ENTERTAINMENT
March 31, 1999 | RANDY LEWIS, TIMES STAFF WRITER
Imagine a record executive going on a talent search at the outset of the rock era and discovering Elvis Presley and the Beatles within two weeks of each other. Ralph Peer came close. In 1927, when the New York talent agent traveled to Bristol, Tenn., he discovered Jimmie Rodgers and the Carter Family, who were every bit as important to country music, artistically and commercially, as the King of Rock 'n' Roll and the Fab Four were to rock.
ENTERTAINMENT
May 29, 1998 | STEVE HOCHMAN
Most of the songs played in the Jimmie Rodgers tribute at Jacks Sugar Shack on Tuesday, marking the 65th anniversary of the death of the Singing Brakeman, were not Rodgers tunes. Instead, the performers more often offered material from their regular repertoires, throwing maybe one or two Rodgers numbers into their brief sets. But that didn't diminish the celebration of the man generally recognized as the father of country music.
ENTERTAINMENT
August 31, 1997 | Steve Hochman
Reverence for the Singing Brakeman is so high that even Bono, in the strings-backed "Dreaming With Tears in My Eyes," turns in his most straightforward vocal since, well, ever. And most of the cast, from Alison Krauss to Jerry Garcia to organizer Bob Dylan stick to basic variations of nostalgic Dixie swing, which is fine--the songs are classics. But only down 'n' dirty John Mellencamp ("Gambling Bar Room Blues") and jazzy Van Morrison ("Mule Skinner Blues") give any new spins.
ENTERTAINMENT
August 10, 1997 | Richard Cromelin, Richard Cromelin writes about pop music for Calendar
Two notable things happened on Oct. 7, 1927: Babe Ruth hit a World Series home run and Jimmie Rodgers' first record went on sale. Even though Ruth was at the pinnacle of his fame and Rodgers was unknown, the intersecting events form a neat symbolic link between two defining figures of the century. Ruth's prowess and charisma transformed the game of baseball. Similarly, Rodgers single-handedly changed the shape of American popular music.
CALIFORNIA | LOCAL
June 25, 1992 | BERKLEY HUDSON, TIMES STAFF WRITER
Dressed in bib overalls, a railroader's denim cap and red bandanna, 79-year-old Otis Roy crooned in a drawling voice for a crowd of shoppers at an outdoor market in San Dimas. "I got a barrel of flour," he sang. "Lord, I got a bucket of lard. I ain't got no blues. . . . Got corn in my crib, cotton growing in my patch." His audience seemed intrigued, even if none were likely to recognize the song, "No Hard Times."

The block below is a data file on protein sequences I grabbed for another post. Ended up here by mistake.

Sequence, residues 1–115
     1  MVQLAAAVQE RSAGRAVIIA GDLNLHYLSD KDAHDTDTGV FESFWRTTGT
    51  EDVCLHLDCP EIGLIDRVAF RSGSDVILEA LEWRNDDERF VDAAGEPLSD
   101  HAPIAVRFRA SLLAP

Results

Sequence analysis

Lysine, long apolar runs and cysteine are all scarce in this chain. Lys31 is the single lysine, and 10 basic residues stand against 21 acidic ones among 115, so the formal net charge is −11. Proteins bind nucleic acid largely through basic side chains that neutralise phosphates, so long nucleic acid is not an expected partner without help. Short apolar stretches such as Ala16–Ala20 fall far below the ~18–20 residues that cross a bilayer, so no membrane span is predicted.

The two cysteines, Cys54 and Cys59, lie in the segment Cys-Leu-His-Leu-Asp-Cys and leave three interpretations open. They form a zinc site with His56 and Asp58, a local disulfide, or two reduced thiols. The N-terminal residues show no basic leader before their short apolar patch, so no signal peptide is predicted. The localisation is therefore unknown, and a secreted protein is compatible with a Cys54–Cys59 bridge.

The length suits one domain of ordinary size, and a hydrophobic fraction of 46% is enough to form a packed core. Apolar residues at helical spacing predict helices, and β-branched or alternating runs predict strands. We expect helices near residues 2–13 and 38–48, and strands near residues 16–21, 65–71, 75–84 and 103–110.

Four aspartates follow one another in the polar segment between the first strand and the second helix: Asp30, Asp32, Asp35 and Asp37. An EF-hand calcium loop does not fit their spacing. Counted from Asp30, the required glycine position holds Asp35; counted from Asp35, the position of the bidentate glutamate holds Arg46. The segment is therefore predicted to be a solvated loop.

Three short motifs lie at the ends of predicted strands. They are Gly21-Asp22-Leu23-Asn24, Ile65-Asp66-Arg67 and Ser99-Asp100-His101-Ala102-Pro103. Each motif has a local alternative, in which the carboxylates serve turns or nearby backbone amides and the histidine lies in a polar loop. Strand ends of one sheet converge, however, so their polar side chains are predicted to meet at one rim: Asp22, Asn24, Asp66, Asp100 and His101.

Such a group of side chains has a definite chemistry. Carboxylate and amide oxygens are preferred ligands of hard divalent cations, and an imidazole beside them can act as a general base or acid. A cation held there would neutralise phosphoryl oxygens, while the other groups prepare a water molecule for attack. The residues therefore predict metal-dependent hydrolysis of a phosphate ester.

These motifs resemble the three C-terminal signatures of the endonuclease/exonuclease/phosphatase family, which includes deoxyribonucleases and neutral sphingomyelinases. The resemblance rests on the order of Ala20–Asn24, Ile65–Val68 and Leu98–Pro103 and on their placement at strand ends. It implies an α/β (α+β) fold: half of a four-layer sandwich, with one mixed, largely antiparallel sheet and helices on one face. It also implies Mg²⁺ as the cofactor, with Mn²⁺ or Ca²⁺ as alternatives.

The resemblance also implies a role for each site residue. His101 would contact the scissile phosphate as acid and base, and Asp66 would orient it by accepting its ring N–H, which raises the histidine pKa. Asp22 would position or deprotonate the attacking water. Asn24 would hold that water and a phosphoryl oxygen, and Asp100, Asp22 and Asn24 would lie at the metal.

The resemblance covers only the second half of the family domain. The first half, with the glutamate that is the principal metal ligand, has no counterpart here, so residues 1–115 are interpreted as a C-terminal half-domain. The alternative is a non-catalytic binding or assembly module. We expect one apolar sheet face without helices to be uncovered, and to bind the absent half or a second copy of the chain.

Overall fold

SPORTS
December 24, 1990 | MAL FLORENCE, TIMES STAFF WRITER
It's only natural for fathers to be interested in the athletic careers of their sons. The only drawback is many don't have enough time to become involved because of job commitments. That isn't a problem for Jimmy Rodgers, the former Boston Celtic coach. He has the time and financial security to do whatever he wants. So his avocation is watching his son, Matt, play quarterback for the Iowa Hawkeyes.
ENTERTAINMENT
March 31, 1999 | RANDY LEWIS, TIMES STAFF WRITER
Imagine a record executive going on a talent search at the outset of the rock era and discovering Elvis Presley and the Beatles within two weeks of each other. Ralph Peer came close. In 1927, when the New York talent agent traveled to Bristol, Tenn., he discovered Jimmie Rodgers and the Carter Family, who were every bit as important to country music, artistically and commercially, as the King of Rock 'n' Roll and the Fab Four were to rock.
ENTERTAINMENT
November 10, 1990 | RANDY LEWIS, TIMES STAFF WRITER
As far as singer Patty Booker and her band mates in the Hired Hands are concerned, when God invented country music, on the first day He created Buck Owens and the Bakersfield sound. Indeed, to this vibrant band that spends most nights pounding out country classics as well as its own compositions in a handful of Orange County honky-tonks, country music's Golden Age wasn't the early '30s of Jimmie Rodgers or the late '40s of Hank Williams.
ENTERTAINMENT
November 10, 1990 | RANDY LEWIS, TIMES STAFF WRITER
As far as singer Patty Booker and her band mates in the Hired Hands are concerned, when God invented country music, on the first day He created Buck Owens and the Bakersfield sound. Indeed, to this vibrant band that spends most nights pounding out country classics as well as its own compositions in a handful of Orange County honky-tonks, country music's Golden Age wasn't the early '30s of Jimmie Rodgers or the late '40s of Hank Williams.
SPORTS
June 12, 1990 | From Associated Press
The Boston Celtics tapped Chris Ford as their new coach today, moving the longtime assistant coach of the club into the top spot. Team officials described Ford as "a guy who is truly a Celtic, a guy who has paid his dues." Ford told a news conference that he expects his tenure to be "a good time." He added, though, that it is "going to take a lot of hard work and dedication to get us back on top."